The team at photo community and marketplace EyeEm just released something really cool. Announced this morning, their new standalone iOS app “The Roll” is basically a much more powerful, intelligent replacement for Apple’s Camera Roll.
Everyone knows the Camera Roll is a bit of a nightmare. There’s no real automatic organization beyond timeline, and photos quickly (and easily) disappear into its wide open digital maw. ‘The Roll’ is the 21st century version of the Camera Roll; it’s what the Camera Roll should be.
The premise behind ‘The Roll’ is quite simple: without any input from you, it will automatically organize, tag, and rate all of the photos on your iPhone. Each photo is given an “aesthetic score” between 0 and 100, multiple nearly-identical shots are bunched together with the best one on top, and tags are automatically added to your images so you can actually find them later without scrolling to infinity.
“The Roll aims to replace your existing camera roll and eliminate endless scrolling,” EyeEm Cofounder and Product Lead Lorenz Aschoff says. “It’s as easy as one tap to quickly organize thousands of your images and find your best ones.”
Once you open the app (and give it permission to access your photos), The Roll gets to work. It will organize your images by topic, location, and event; add tags to all of your images for search purposes; and, finally, give each image a score.
That score is powered by “EyeEm Vision,” the company’s “revolutionary image recognition technology” that’s been trained by millions of images. You can think of that computer vision tech as the app’s secret sauce; using it, The Roll automatically analyzes and rates your images, pulling out the best ones for your consideration.
We got a live demo of the app about a month ago, and have been playing around with a pre-release version for the past week. With only a 16GB iPhone I have to keep my Camera Roll annoyingly trimmed, but even I have 350+ images in there that I’ve only scrolled all the way through maybe once or twice.
In less than a minute, The Roll had compiled all my images, bunched duplicates, scored each shot, and tagged everything. No matter how you slice it, that kind of speed is impressive.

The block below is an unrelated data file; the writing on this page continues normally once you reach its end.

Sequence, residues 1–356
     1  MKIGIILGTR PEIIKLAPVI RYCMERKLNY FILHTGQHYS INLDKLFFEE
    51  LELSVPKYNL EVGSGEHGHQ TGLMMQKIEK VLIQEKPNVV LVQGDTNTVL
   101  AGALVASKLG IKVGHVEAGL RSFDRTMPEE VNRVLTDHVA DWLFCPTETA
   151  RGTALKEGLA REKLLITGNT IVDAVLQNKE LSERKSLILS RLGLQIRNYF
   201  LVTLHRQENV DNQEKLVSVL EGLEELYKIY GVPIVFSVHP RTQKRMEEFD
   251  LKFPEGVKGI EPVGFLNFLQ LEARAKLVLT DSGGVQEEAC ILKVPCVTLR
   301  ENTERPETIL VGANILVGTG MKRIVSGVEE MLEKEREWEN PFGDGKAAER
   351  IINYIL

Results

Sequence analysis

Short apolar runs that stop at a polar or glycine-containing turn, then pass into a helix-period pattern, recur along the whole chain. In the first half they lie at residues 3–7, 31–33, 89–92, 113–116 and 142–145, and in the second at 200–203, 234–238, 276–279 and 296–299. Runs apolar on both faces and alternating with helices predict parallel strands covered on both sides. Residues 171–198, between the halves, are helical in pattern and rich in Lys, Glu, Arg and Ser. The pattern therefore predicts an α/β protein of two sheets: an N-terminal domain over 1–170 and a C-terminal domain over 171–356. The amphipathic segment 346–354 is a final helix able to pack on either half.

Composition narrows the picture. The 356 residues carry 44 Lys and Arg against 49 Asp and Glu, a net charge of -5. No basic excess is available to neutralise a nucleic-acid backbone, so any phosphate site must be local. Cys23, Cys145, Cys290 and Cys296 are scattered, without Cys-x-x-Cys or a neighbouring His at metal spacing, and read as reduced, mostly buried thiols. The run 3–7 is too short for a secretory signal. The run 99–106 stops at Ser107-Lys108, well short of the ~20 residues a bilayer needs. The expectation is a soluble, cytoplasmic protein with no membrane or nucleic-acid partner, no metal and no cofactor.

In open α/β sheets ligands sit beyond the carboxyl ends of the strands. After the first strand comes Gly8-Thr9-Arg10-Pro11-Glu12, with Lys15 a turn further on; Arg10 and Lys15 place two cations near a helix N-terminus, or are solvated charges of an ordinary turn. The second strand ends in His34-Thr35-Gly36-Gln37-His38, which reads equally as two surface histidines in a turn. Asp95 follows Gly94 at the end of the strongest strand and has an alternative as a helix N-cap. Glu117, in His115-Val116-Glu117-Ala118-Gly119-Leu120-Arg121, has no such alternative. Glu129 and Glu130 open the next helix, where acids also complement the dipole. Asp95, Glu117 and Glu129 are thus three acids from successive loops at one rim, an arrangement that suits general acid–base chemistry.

But the app isn’t just fast, it’s accurate too. The tagging was extremely impressive: a picture of my dog in a grassy field got 22 tags and all but one of them I would consider extremely accurate (it even spotted my dog’s collar). By virtue of all these tags, finding photos became less about scrolling and digging incessantly, and more about a quick keyword search.
As for the rating system, I found it hard to disagree with it. Shots I thought were better got better scores, while typical ‘snapshots’ rarely broke out of the 40% range. Occasionally a ‘typical’ photo would receive a higher score, but that’s kind of the point of the app: is that a gem that I had overlooked? It forced me to second guess myself, and that alone was worth using the app.
The app is not perfect, but nobody is pretending it is—the beauty of computer vision is that it only gets better over time. Eventually, EyeEm will no doubt use this app to help draw out images that it thinks you should submit to its Missions, but for now The Roll is a powerful stand-alone app that is leaps and bounds easier-to-use than your standard Camera Roll.
Add to that the rating system and its potential to show you great shots you might have overlooked, and this could be a very useful tool for beginners and enthusiasts in particular. You might be a great photographer and not even know it (although, if you’re like 80% of people, you already think you’re pretty swell… but I digress).